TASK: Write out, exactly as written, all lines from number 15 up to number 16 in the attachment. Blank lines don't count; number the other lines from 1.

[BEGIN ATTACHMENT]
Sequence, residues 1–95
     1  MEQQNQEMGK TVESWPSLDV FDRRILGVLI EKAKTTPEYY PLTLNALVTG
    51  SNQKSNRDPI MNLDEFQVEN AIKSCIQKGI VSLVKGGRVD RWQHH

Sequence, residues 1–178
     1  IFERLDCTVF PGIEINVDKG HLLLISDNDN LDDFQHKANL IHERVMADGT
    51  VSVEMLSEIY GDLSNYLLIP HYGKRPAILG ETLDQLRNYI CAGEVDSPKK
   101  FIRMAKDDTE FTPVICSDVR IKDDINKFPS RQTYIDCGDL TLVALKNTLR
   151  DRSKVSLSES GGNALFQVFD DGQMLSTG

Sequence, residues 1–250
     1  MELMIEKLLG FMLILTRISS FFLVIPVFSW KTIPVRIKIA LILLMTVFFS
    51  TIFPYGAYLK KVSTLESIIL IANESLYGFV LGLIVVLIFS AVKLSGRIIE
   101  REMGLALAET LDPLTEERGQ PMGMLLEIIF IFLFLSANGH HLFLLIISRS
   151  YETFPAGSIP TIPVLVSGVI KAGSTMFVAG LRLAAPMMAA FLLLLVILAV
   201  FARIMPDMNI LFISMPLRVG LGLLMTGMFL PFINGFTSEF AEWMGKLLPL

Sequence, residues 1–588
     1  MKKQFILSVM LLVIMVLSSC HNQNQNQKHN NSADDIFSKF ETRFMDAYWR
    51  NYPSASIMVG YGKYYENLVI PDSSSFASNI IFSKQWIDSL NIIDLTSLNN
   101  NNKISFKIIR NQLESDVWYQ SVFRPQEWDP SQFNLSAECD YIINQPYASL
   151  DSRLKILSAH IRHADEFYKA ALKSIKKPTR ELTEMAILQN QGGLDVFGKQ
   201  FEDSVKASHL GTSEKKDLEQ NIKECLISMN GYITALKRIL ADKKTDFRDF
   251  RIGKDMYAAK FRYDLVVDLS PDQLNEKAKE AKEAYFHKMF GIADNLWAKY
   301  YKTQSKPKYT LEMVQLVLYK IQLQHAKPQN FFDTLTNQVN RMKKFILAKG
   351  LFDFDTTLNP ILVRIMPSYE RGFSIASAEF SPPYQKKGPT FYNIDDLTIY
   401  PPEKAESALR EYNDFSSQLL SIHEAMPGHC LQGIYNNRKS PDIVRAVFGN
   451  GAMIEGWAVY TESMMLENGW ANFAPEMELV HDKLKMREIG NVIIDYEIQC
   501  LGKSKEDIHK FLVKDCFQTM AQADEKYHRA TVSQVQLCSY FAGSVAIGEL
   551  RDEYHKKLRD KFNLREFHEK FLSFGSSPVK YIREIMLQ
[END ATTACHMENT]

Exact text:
Sequence, residues 1–588
     1  MKKQFILSVM LLVIMVLSSC HNQNQNQKHN NSADDIFSKF ETRFMDAYWR